The Nyngan Scandium Project is located approximately 25km west of the town of Nyngan and 500km north-west of Sydney, New South Wales (NSW), Australia. It incorporates part of the Exploration Licence (EL) 6009 and the entire EL 6096, covering a total area of approximately 9,000ha.
Touted to be the world’s first scandium-only mine development project, it is 80% owned and operated by Scandium International Mining through its subsidiary EMC Metals Australia, while the remaining 20% stake is owned by Scandium Investments.
The feasibility study (FS) for the project was completed in May 2016, the construction works are expected to start in early-2017, and first production is anticipated in early-2018.
The overall investment to bring the NSW mine into production is estimated at $87.1m and the production life is estimated to be approximately 20 years. The project targets an annual average production rate of 37,690kg of scandium oxide, grading between 98% and 99.9%.
Nyngan Scandium Project geology and mineralisation
The project host scandium (Sc) resource within the lateritic zone of the Gilgai Intrusion, one of the several Alaskan-type mafic and ultramafic bodies which intrude Cambrian-Ordovician metasediments.
The Gilgai complex, which is approximately 40m-thick, consists of layers starting with hematitic clay at the surface, followed by limonitic clay, saprolitic clay, weathered bedrock and fresh bedrock. The mineralisation is hosted within the first three layers and the current mine plan and design aims at processing the heavily weathered limonite resources.
Reserves at the Australian scandium mine
As of April 2016, the project was estimated to hold combined proven and probable reserves of 1.436Mt, grading 409 parts per million (ppm) Sc. The combined measured and indicated resources were estimated to be 16.920Mt, grading 235ppm Sc.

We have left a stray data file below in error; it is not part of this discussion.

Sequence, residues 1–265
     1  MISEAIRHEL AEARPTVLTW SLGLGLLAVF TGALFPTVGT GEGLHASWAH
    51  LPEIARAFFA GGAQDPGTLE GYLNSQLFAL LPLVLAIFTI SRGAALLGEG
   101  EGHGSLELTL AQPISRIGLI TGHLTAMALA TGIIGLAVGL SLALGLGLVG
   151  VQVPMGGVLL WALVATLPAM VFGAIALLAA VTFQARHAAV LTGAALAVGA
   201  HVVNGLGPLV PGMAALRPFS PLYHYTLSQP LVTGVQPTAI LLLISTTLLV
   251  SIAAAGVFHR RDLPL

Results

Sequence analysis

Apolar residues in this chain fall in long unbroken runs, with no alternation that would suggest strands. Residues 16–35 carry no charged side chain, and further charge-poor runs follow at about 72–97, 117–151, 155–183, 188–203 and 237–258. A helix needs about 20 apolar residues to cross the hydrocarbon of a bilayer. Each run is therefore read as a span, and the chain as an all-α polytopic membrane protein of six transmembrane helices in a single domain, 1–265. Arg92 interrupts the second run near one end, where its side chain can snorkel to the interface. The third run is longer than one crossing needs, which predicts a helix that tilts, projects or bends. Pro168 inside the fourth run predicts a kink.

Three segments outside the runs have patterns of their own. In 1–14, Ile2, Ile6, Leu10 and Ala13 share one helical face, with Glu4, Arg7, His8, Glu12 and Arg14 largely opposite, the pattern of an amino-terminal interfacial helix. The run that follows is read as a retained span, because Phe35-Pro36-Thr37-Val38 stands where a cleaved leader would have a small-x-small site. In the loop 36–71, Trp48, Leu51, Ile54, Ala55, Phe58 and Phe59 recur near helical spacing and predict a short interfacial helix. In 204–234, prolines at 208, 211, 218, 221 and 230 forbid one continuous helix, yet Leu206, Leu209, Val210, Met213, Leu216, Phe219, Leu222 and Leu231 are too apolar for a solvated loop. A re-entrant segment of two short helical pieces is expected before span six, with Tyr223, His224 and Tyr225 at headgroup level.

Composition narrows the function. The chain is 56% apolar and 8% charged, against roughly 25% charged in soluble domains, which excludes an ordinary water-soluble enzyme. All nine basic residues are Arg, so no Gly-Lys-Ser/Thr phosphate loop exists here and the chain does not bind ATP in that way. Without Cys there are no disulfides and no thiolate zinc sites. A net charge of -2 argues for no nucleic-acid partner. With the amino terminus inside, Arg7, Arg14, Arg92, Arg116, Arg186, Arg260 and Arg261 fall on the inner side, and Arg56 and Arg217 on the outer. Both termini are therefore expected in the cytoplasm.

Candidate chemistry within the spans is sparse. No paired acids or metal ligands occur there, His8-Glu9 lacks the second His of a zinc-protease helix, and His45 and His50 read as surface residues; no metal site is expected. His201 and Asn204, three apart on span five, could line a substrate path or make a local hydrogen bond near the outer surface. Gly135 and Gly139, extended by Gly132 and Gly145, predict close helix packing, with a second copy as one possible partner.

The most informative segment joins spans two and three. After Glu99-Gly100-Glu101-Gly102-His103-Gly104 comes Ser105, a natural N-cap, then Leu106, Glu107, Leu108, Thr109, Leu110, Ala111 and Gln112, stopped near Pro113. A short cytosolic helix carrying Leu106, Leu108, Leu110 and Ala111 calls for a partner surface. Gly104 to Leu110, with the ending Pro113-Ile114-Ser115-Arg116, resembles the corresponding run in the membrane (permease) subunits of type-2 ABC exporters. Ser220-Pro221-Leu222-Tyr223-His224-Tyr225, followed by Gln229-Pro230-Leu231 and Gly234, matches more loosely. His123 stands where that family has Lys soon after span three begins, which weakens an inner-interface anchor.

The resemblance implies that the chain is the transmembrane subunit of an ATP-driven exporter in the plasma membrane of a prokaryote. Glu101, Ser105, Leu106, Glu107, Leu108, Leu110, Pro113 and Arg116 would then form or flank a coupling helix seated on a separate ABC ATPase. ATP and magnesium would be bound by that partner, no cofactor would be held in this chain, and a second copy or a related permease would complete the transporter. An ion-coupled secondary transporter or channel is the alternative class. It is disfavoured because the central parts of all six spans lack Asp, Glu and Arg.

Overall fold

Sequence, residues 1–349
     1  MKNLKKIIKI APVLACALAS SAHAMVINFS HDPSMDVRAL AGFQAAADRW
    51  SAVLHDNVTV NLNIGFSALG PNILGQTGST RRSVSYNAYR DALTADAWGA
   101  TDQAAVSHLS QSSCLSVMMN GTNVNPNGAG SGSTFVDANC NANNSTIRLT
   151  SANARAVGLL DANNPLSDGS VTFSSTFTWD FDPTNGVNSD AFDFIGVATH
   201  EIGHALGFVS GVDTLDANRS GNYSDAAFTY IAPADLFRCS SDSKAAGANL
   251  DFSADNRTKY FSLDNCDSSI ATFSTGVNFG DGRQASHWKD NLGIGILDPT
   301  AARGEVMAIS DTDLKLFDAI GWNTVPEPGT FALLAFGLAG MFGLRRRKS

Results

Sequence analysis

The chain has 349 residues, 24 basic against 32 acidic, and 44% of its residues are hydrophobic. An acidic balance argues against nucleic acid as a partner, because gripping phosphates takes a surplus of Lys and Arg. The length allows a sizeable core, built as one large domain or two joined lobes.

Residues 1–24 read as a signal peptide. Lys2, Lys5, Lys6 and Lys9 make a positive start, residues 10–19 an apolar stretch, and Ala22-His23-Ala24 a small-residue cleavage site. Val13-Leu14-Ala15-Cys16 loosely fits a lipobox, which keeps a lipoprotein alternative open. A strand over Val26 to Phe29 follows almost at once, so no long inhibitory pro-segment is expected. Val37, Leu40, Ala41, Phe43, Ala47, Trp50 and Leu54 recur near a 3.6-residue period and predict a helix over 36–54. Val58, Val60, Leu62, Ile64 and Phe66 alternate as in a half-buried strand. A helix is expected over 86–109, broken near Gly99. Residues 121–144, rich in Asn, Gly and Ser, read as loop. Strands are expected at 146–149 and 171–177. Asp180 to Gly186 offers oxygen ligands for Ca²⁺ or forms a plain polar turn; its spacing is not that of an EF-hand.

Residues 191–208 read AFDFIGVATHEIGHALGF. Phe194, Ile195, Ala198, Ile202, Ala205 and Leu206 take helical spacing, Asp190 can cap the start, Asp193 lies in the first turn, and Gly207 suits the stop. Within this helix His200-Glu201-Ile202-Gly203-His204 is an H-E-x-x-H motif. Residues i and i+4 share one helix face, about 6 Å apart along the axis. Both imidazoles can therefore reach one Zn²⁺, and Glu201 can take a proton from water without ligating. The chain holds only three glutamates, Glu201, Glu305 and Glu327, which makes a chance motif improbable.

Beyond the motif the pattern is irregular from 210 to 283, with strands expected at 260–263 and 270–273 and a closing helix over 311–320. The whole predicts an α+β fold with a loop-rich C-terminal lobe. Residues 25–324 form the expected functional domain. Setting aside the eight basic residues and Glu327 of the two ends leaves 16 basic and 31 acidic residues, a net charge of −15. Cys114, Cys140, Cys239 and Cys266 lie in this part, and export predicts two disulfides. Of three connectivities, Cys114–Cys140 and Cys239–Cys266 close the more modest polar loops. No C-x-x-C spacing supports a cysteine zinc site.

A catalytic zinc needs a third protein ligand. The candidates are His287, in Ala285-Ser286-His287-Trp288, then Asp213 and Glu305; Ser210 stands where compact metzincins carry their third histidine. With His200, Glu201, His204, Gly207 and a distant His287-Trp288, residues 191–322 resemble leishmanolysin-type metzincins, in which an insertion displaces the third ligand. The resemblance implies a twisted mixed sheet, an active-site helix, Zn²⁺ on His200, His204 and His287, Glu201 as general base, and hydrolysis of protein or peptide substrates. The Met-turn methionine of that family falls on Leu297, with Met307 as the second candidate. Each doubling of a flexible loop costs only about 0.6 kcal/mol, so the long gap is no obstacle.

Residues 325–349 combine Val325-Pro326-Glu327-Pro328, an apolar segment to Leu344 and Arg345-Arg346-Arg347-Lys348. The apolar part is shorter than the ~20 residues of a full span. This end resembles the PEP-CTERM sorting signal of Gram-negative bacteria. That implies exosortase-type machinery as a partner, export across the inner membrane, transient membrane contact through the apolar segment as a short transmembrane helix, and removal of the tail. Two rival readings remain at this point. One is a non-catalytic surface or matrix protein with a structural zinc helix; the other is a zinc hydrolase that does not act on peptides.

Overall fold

Mining and processing at the world’s first scandium-only project
The mining method envisaged for the project is the open-pit mining method integrating hydraulic excavation and dozer operations. The mining works are proposed to be performed by a contractor.
The processing flowsheet designed for the project integrates an initial de-agglomeration stage using a drum scrubber, a ball mill closed grinding circuit, a thickener, a high-pressure acid leaching (HPAL) system integrating a three-stage preheat, autoclave and a three-stage let down circuit, followed by a counter current decantation (CCD) circuit, a solvent extraction (SX) circuit, a precipitation and filtration circuit, and a calcination circuit. The product will finally be washed, filtrated, dried and drummed.
The proposed processing plant will have an average annual throughput capacity of 71,820t.
Infrastructure for Scandium International Mining’s project
The electricity required for the project will be sourced from a 33kV overhead power line located adjacent to the project site, whereas the required water will be sourced from the existing Cobar Water Board supply lines which run parallel to the Barrier Highway, located approximately 5km from the project site.
The project will involve the construction of an all-weather unsealed road from the Barrier Highway to the project site, and another similar road from the mine site to the processing plant.
Other major infrastructure for the project will include a residue storage facility (RSF), a 15Ml water storage pond, buildings integrating administrative offices, car park, a laboratory, a combined workshop and warehouse, a combined electrical switchroom and control room, and a covered reagent storage facility.
An on-site accommodation camp will not be required, as the skilled workforce is easily available in neighbouring areas.
Product offtake agreement
Scandium International signed a memorandum of understanding (MoU) with Alcereco in March 2015, based on which the latter will offtake 7,500kg of scandium oxide a year for three years, along with an extension option.
Key players involved
The feasibility study was compiled by Lycopodium, in collaboration with Mining One and other consultants involved with the former reports on the project.
The various components of the metallurgical test work for the project were conducted at facilities owned by SGS Lakefield, Hazen Research, CSIRO (Australia), and Nagrom.